A sluggish 11.2% turnover growth in Hong Kong Telecommunications Ltd’s interim results alarmed analysts and sent the share price down 4 US cents to $2.10. Turnover in the six months to September 30 was $1,720.4m and overshadowed profit growth of 14.7% to $542.4m that matched expectation. The news impacted on Cable & Wireless Plc, which […]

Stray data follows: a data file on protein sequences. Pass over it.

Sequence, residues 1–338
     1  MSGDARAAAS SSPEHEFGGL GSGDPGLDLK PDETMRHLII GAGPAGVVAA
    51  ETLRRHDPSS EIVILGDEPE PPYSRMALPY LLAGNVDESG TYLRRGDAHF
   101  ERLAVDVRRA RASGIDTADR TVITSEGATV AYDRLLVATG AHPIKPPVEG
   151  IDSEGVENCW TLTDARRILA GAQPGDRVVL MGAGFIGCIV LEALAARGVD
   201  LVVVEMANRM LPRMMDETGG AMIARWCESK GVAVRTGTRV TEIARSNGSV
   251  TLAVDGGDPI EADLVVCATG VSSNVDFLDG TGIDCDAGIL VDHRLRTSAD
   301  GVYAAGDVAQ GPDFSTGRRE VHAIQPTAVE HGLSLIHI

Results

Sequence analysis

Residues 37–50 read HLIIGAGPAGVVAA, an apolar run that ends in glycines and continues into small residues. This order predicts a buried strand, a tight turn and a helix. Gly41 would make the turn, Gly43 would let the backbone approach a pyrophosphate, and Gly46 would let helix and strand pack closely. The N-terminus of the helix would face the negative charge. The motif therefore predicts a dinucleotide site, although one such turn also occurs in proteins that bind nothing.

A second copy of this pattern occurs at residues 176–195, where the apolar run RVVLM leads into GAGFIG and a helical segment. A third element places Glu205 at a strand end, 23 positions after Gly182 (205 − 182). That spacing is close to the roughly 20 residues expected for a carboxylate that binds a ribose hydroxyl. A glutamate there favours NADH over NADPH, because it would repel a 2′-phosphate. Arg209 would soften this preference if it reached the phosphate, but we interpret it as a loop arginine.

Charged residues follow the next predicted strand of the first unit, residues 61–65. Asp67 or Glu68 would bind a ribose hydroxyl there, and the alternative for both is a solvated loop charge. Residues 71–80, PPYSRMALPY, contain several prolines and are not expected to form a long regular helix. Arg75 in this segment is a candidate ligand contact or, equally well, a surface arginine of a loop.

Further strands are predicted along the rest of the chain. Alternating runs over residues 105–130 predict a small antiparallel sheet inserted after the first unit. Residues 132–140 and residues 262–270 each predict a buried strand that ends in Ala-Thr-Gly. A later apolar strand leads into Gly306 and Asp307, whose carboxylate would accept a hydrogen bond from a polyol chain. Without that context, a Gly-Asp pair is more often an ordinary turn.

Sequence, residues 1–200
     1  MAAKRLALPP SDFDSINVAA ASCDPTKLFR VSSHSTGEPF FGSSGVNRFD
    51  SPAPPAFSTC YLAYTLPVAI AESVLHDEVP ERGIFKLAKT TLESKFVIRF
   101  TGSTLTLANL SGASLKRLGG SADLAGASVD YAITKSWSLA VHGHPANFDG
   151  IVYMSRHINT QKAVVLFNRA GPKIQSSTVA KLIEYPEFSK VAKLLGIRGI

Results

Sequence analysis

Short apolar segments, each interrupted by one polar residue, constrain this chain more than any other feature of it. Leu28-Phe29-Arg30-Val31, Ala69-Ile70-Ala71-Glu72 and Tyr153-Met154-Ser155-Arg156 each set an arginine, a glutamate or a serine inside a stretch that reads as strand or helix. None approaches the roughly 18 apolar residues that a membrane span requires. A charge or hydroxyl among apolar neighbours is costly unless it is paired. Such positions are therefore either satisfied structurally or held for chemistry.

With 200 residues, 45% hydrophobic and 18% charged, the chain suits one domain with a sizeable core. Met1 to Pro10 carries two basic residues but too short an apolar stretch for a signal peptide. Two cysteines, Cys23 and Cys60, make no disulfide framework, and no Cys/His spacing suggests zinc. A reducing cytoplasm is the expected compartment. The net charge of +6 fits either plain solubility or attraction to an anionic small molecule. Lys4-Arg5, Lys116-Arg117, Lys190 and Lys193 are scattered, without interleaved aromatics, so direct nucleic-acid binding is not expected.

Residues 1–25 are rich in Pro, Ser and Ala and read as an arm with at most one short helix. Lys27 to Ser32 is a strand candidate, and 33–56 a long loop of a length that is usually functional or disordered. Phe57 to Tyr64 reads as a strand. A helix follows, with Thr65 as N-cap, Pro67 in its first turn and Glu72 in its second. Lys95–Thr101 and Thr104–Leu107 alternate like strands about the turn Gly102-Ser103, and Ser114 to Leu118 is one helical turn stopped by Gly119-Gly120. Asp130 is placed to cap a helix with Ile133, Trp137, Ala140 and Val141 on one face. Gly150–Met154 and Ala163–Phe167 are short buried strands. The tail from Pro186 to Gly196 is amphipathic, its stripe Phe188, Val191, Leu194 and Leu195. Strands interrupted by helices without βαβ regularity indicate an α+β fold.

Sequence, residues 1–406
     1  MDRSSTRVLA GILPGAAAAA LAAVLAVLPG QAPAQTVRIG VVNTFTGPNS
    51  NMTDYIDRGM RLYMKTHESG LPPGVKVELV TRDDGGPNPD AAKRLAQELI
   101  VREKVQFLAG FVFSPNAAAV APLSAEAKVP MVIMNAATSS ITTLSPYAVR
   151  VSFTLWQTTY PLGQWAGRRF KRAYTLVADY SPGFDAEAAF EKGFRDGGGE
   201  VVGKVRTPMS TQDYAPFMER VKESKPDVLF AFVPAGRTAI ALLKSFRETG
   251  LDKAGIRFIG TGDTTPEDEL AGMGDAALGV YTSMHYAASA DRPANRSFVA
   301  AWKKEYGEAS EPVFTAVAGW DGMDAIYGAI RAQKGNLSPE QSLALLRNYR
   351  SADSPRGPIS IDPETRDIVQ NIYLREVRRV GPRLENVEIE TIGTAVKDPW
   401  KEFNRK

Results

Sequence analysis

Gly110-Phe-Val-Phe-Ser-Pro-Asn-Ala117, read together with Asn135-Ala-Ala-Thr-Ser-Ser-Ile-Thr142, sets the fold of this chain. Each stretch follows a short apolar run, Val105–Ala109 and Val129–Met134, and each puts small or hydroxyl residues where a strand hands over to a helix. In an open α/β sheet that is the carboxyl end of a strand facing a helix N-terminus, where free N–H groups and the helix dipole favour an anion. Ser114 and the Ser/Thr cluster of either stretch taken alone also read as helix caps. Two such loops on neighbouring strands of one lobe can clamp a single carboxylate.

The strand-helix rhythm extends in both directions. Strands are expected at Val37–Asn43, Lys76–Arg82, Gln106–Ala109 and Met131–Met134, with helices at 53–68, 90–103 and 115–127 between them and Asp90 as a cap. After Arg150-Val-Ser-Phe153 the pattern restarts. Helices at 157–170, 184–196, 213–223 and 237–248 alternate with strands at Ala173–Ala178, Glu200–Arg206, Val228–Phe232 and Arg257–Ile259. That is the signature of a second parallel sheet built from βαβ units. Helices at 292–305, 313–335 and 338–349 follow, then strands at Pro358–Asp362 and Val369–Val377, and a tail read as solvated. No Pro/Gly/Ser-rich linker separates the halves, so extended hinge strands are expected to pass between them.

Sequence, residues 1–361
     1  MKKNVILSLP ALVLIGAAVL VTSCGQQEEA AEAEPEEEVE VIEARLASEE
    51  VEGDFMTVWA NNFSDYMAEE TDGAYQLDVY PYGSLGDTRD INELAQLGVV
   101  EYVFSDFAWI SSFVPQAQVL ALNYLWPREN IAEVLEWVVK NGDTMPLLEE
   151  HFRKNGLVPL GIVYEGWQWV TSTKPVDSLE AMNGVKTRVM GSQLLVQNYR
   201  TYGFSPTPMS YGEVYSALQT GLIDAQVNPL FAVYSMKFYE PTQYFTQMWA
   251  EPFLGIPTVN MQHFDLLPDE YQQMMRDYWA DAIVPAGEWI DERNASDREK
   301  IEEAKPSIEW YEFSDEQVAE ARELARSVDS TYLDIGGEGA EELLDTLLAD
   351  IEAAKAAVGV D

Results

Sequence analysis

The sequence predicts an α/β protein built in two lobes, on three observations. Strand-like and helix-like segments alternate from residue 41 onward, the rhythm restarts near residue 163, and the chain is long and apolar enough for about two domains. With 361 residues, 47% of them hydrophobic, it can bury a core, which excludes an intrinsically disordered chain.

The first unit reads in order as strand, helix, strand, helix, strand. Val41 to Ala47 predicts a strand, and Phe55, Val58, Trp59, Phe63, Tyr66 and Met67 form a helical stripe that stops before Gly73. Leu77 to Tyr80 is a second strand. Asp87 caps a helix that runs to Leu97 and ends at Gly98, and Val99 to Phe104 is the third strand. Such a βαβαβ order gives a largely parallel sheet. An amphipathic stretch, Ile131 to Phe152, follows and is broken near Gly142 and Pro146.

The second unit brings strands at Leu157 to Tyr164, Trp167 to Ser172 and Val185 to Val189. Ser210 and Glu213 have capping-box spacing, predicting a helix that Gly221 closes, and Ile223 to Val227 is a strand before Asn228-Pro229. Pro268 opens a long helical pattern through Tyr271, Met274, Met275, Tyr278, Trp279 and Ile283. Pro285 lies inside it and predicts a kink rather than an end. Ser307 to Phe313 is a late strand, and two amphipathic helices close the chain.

A sluggish 11.2% turnover growth in Hong Kong Telecommunications Ltd’s interim results alarmed analysts and sent the share price down 4 US cents to $2.10. Turnover in the six months to September 30 was $1,720.4m and overshadowed profit growth of 14.7% to $542.4m that matched expectation. The news impacted on Cable & Wireless Plc, which holds 57.5% of Hong Kong Telecom, and sent its share price down 8 pence to 413p. In spite of an expected deceleration because of slow international traffic, analysts have taken the scale of the turnover growth slowdown as a warning sign. It was attributed to lower international call rates, down 10%, and slower than expected Chinese telephone traffic growth at 21%. Analysts had expected Chinese growth to be several points lower than the average of 30% enjoyed in the last few years, but were surprised at the success of the Chinese government’s attempts at cooling the economy and low telephone line penetration, around one phone per 30 people, compared with one line for every two people in Hong Kong. China had appeared a very attractive market but is now proving volatile. Hong Kong Telecom believes that this slowdown in traffic growth is only temporary as China continues to agressively expand its telecommunications network and because the austerity measures will not last forever. China accounts for 49% of Hong Kong Telecom’s international traffic volume and 33% of international traffic revenue. As a whole, international traffic volume grew 18% and revenues were up 9% at $1,066.5m, 62% of Telecom’s total turnover. The mobile business proved very strong in the first half. Revenue from monthly fees and usage charges grew 44%, while equipment sales and rental grew over 50%, but costs growth was limited to 10%. Telecom’s CSL 1010 Digital Mobile Network added 56,000 new customers during the period, recently averaging more than 8,000 new digital customers per month. Taken with its 74,000 analogue customers, Telecom’s 130,000 customers represents a 34% market share. As to the future, Hong Kong Telecom is committed to investing at least $518m a year on infrastructure for the next few years to reinforce the country’s position as the hub of Asian telecommunications. The company is also responding to government moves to encourage competition and has already signed agreements with three potential telephone service licence holders to ensure capacity within its network for them to interconnect next July. It is now negotiating with them on access mechanisms and some technology issues and talks on pricing would follow. Last November the government said that units of Hutchison Whampoa Ltd, Wharf Holdings Ltd and New World Development Co Ltd would be offered fixed-line telecommunications licences when the company’s exclusive franchise expires in 1995.